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• 04/24/2020 at 06:13PM

Does applying for financial aid really decrease my chances of getting into public universities?

I put in "I plan to apply for financial aid" under my academic profile and saw my chance for a school like UC Berkeley drop from 35% to 23%. Is applying for financial aid really that big of a factor in college admissions, especially at a public university?

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1 answer

• 04/24/2020 at 06:38PM[edited]

First, I'm not sure if you're in California or not—this answer varies depending on whether you're in-state or out-of-state. In general, very few public schools are need-blind (while a lot of top private schools are), and that means that financial need will in some ways be taken into account in the admissions process. If you're in-state, that effect should not be very pronounced, because these schools have many many spots available for students in their home states that demonstrate financial need.

However, if you're out-of-state, then yes, this can be a big factor. And generally, out-of-state students should never expect significant financial aid from public schools—especially the UCs, which rarely give significant merit or need-based aid to top students (outside the Regents scholarships, which are extremely competitive). The vast majority of out-of-state students at Berkeley are going to be asked to pay near to full price. If you have significant financial need, your aid prospects will be much better at similar private universities that are a) need-blind and b) guarantee to meet full financial need with their packages. PrepScholar has a good list of those schools here:, and there are many that would be just as good academically as Berkeley for a fraction (after aid) of the cost.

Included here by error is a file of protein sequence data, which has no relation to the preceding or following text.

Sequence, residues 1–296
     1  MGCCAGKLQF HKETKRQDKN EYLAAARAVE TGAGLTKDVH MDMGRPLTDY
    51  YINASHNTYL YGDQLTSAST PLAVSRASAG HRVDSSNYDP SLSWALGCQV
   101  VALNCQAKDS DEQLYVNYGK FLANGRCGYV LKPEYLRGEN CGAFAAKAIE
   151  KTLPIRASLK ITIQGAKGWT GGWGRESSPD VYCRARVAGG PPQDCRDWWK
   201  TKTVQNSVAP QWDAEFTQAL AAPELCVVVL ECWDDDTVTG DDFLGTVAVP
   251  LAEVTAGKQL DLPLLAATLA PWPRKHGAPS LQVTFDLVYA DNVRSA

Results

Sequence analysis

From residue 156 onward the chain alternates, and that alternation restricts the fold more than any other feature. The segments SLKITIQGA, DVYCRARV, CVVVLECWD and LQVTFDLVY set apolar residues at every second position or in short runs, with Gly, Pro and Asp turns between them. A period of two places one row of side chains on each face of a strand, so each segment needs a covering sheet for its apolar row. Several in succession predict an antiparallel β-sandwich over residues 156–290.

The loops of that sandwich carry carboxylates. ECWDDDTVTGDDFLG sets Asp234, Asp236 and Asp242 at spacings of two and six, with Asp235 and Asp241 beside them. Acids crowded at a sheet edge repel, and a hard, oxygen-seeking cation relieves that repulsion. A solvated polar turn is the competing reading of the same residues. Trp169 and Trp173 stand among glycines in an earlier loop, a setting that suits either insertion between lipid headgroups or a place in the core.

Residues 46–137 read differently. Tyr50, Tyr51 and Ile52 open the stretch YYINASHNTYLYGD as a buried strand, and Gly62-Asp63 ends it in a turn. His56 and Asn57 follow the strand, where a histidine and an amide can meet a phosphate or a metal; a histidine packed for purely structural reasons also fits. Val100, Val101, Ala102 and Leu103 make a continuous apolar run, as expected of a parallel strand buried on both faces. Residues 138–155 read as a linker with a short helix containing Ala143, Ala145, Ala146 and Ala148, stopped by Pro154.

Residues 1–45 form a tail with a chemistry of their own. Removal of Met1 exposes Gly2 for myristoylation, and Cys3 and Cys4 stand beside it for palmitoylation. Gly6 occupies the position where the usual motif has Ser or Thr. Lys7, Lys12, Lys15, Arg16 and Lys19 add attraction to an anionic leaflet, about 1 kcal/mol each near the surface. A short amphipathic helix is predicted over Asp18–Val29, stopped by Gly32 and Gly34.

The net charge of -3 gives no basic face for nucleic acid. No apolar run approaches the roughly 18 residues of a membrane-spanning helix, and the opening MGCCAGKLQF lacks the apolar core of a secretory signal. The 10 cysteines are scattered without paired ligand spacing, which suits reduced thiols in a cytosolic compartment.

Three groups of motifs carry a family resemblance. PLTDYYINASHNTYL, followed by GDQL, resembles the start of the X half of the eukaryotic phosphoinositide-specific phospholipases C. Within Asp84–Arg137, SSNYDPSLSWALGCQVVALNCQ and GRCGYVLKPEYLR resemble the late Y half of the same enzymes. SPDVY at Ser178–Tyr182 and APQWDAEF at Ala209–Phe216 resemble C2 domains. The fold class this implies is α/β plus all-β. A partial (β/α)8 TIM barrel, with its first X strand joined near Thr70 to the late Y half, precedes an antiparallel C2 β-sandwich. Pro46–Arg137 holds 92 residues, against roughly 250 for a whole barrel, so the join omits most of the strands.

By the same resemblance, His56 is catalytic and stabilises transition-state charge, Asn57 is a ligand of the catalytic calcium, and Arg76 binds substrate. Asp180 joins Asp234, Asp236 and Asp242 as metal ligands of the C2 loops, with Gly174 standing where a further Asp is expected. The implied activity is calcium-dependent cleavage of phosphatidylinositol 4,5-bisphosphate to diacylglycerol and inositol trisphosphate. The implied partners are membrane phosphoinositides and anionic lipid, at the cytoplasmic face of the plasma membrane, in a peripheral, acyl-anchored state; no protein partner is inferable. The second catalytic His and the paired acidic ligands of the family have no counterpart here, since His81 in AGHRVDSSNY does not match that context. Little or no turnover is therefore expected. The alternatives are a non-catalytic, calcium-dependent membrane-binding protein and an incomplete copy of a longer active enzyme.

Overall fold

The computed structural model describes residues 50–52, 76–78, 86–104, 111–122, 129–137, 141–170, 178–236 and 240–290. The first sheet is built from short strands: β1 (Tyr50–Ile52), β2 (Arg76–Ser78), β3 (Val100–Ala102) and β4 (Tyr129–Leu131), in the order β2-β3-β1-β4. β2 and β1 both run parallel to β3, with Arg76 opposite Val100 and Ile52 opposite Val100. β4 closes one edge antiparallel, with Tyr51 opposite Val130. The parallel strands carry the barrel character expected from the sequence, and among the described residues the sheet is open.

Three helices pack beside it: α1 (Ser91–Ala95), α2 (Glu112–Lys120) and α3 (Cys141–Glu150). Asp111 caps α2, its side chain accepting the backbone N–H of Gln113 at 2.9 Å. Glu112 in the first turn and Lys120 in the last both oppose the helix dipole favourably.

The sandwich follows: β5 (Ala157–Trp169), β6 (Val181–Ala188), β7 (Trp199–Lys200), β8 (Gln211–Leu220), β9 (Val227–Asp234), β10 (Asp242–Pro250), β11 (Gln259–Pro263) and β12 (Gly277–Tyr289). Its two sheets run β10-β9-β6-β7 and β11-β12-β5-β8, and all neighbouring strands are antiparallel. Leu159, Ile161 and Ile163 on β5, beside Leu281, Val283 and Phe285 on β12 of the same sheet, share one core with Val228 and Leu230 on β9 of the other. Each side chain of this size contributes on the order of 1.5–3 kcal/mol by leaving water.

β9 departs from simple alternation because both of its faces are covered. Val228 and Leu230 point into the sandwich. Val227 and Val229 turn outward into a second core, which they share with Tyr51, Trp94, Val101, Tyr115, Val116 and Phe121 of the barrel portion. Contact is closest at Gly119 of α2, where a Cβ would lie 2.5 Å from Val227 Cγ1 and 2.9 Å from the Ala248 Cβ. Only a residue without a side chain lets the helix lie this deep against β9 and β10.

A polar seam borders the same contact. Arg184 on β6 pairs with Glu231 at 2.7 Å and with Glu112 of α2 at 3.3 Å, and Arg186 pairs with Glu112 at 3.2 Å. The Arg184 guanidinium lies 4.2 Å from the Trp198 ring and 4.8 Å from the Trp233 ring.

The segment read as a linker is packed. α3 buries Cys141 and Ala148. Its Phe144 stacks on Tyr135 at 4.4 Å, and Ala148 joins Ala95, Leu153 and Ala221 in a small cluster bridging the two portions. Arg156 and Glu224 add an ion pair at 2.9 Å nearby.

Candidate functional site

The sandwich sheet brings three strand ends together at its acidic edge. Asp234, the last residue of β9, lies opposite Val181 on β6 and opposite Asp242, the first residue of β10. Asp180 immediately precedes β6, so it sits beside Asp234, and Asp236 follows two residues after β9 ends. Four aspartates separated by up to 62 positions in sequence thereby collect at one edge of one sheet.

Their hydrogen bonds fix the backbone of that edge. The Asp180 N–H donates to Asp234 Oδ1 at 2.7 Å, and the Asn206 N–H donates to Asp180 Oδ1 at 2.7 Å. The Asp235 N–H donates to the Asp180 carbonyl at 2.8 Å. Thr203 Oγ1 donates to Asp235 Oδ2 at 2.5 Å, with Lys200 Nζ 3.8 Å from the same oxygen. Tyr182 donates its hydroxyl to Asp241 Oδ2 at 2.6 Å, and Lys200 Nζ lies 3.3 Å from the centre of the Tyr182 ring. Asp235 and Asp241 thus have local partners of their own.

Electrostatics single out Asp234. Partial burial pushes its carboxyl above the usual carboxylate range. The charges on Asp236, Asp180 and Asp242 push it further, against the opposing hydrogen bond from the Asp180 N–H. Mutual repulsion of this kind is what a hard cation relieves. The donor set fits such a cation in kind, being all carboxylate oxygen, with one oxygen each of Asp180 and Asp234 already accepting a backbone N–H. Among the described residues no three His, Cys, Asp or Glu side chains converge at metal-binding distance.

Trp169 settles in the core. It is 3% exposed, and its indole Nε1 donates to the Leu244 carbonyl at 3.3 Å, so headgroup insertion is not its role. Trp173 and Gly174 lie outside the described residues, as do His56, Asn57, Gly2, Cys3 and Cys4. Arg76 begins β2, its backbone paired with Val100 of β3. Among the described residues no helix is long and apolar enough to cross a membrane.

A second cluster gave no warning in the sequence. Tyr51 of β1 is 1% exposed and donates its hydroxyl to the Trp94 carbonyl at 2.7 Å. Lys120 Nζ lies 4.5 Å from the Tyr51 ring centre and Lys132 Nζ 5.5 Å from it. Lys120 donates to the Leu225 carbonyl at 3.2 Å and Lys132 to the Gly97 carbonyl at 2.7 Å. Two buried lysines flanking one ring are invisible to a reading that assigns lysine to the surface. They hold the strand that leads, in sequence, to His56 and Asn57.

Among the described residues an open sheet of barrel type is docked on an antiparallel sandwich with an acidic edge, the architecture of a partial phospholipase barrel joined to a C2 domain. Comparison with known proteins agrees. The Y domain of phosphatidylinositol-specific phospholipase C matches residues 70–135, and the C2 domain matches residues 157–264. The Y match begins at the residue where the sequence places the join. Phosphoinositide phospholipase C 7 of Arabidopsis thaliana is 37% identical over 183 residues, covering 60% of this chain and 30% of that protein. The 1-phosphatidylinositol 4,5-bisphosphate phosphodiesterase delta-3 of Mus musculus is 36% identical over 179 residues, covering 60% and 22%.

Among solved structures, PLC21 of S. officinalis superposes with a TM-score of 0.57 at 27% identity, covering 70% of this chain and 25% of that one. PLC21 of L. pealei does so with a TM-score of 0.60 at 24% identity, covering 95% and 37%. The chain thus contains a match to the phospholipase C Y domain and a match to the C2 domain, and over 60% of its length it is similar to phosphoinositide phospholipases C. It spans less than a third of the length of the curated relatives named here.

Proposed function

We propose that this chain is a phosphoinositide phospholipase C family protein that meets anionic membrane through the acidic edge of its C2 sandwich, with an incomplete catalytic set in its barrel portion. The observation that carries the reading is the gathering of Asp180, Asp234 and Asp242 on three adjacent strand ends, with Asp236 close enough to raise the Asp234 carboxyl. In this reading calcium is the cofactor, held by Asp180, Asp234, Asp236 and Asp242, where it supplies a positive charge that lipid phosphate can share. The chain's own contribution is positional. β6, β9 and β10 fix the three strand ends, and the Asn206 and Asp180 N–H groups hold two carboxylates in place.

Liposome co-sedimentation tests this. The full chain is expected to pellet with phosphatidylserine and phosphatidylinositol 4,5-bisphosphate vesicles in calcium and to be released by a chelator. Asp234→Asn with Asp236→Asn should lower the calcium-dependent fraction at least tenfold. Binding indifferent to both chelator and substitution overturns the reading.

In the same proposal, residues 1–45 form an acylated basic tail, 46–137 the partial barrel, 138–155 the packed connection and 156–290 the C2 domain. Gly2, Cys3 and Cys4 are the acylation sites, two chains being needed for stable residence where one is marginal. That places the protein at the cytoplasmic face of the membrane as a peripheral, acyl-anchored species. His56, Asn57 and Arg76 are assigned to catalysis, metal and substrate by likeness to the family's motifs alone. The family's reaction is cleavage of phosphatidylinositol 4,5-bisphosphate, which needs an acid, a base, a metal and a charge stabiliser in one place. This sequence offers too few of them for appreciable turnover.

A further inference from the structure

Accepted Answer
[🎤 AUTHOR]@adri04/26/2020 at 03:17AM

i am a CA resident actually, and I come from a more underrepresented part of the state (central valley!!!!)...

04/26/2020 at 07:47PM [edited]

then as far as i know the effects shouldn't be as pronounced—the UCs admit tons of in-state students every year who receive financial aid, and you should be eligible for all the major state programs as well